At Zabar’s deli on the Upper West Side, customers clamored over each other for cured meats, smoked salmon and fresh bread. While waiting in line, one nervous shopper told my wife, “I’ve lived in New York for 30 years and I’ve never seen people get like this”.
Customers jostled among themselves for the remaining cooked chickens and a fight even broke out over one of the last chooks.
Eight blocks down the road, Trader Joe’s market on Broadway had a line spilling into the street as nervous people queued for groceries and bottled water. New Yorkers are no strangers to waiting in line but tensions are visibly boiling over in some areas.
My mother-in-law witnessed another fight at the high-end Whole Foods supermarket in the Time-Warner building. She says it is always busy in there, but this was the busiest she’s ever seen it.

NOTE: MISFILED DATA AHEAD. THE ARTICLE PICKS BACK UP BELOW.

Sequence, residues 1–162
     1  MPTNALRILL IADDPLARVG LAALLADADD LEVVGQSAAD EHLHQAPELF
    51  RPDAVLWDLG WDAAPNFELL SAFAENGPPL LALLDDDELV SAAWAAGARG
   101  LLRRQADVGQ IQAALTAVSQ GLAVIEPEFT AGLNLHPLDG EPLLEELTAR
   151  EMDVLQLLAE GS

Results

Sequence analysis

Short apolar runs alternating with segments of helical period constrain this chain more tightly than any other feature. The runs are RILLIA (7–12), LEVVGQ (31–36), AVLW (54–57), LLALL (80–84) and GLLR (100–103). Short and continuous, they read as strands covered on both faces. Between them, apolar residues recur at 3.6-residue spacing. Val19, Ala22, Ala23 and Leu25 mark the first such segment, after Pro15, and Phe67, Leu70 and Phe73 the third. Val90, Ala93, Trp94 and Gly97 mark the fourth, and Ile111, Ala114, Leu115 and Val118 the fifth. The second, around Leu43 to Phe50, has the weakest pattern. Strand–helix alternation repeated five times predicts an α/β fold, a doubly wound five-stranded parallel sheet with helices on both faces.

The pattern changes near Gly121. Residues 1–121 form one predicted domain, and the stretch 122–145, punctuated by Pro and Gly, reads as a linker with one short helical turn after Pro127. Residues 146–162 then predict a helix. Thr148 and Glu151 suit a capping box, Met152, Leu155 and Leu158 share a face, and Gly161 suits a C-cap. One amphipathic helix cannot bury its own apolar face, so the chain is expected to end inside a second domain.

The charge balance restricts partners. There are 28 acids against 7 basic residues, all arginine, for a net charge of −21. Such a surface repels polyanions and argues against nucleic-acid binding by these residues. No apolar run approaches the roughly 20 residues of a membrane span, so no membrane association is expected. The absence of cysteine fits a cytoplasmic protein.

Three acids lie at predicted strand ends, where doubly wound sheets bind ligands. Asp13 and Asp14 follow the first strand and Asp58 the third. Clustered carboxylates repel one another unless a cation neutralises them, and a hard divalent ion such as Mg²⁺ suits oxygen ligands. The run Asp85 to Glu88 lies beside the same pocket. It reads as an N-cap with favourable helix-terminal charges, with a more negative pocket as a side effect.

The altercation erupted after one customer bumped into another – a common occurrence on any other day – but this was no ordinary occasion. New Yorkers, I’m told, can get very aggressive when they’re in survival mode.
Speaking of survival mode, both candidates in the US presidential race have put campaigning on hold while the east coast deals with the hurricane.
Back in New York City, a band of protesters are defying Sandy’s imminent arrival. They have been camping on the sidewalk outside Goldman Sachs’ CEO, Lloyd Blankfien’s, residence for weeks. The assembly is one of the last vestiges of the Occupy Wall Street movement.
One of the group’s organisers, a man who gave his name as Mark Apollo, said that 15 protestors slept through the wind last night and planned to do the same again through the storm this evening.
“It’s going to take more than a storm to get rid of us”, he told me.
For their sake, I hope they listen to Mayor Michael R Bloomberg, who warned the city this morning: “The real flooding is going to come tonight."
MORE TO COME